Meanwhile, immediately south of the Americans and Australians the British 46th Division, followed by the 32nd (home of the poet Wilfred Owen), was able to cross the very deep cut of the canal between Riqueval and Bellenglise, crossing the canal with boats, rafts and lifejackets while artillery kept the defenders pinned in their trenches.  Tanks were brought over the tunnel area captured by the 30th Division and sent south to support the British, who had secured the eastern bank and the German defenses by the end of the day.  The achievement of the 46th Division was just short of incredible, crossing the waterway with anything that would float, climbing the wall of the east bank with scaling ladders (!) and capturing the formidable defenses – with fewer than 800 casualties.

The canal cut in 1918

Riqueval Bridge and the canal cut today

Addressing the troops at the Riqueval Bridge

 

 

 

 

 

 

 

 

 

In the east Allenby’s successful and low cost campaign to drive General Liman von Sanders and his Turks out of Palestine continued with the Battle of Megiddo (actually a number of engagements) from 19 to 25 September.  While Lawrence and Arab Revolt units were harassing and disrupting Turkish communications, Allenby’s carefully planned offensive moved rapidly north and east, establishing by the 25th a line running from Acre on the coast east to the Sea of Galilee and south to Amman (Jordan); Australian units would capture Damascus on 1 October.  During this roughly two week period 75,000 Turkish soldiers surrendered to Commonwealth forces (many to avoid slaughter by the Arab forces) at a cost of about 1500 casualties; only 6000 Turkish soldiers escaped.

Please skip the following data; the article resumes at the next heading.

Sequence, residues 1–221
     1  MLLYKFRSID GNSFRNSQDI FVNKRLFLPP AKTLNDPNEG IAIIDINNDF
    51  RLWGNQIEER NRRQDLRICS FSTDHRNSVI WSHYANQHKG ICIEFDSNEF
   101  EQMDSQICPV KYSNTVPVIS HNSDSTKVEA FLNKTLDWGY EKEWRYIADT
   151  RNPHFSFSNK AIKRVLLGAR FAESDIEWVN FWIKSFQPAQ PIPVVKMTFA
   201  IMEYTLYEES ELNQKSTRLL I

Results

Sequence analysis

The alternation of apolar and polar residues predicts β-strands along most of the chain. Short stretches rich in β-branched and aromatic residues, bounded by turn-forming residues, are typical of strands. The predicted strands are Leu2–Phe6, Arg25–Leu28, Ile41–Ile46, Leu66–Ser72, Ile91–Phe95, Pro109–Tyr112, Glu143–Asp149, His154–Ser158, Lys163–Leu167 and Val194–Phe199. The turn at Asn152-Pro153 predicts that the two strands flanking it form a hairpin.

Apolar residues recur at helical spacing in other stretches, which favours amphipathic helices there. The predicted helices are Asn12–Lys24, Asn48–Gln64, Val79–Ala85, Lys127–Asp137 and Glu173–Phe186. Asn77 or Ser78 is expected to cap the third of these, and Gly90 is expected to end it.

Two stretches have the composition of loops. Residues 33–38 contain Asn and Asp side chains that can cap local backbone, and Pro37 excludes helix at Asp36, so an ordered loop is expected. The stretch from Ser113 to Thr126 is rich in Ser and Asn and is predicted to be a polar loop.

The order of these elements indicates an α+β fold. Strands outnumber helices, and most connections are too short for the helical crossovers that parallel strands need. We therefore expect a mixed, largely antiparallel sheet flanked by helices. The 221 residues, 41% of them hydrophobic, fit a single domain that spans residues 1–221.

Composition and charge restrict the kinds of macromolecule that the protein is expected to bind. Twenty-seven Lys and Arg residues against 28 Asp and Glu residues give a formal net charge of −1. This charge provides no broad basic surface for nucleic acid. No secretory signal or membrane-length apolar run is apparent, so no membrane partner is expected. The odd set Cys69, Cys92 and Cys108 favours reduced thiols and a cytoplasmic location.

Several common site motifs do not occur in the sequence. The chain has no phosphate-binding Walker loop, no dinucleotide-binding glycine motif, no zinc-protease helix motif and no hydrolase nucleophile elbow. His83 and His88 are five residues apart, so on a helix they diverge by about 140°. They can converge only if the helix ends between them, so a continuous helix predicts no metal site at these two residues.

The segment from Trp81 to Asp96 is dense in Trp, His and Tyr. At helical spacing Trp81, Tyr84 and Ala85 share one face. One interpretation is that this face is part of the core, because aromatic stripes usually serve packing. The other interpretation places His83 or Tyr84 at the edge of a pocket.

Bombed Turkish transport

Allenby’s September campaign

Otto Liman von Sanders

Edmund Allenby

 

 

 

 

 

 

 

 

 

 

 

 

 

Off in the former Russian Empire Allied forces were on the move.  On 2 September an Italian force arrived at Murmansk and was joined two days later by General William Graves and more American troops.  On that same day Obozerskaya, 100 miles south of Archangel, was captured by the Allies, and on the 11th Ukhtinskaya on the Murmansk front.  The Canadians showed up in Archangel at the end of the month, by which time Allied troops, aided by Poles and White forces, had pushed 150 miles south up the Dvina River, battling Bolshevik forces on the river and in fortified villages.  In the far east the city of Khabarovsk, 360 miles north of Vladivostok, was taken by the Japanese on 5 September.

Archangel

Allied troops

Red prisoners of Americans

 

 

 

 

 

 

 

Vladivostok

Allied troops

Japanese troops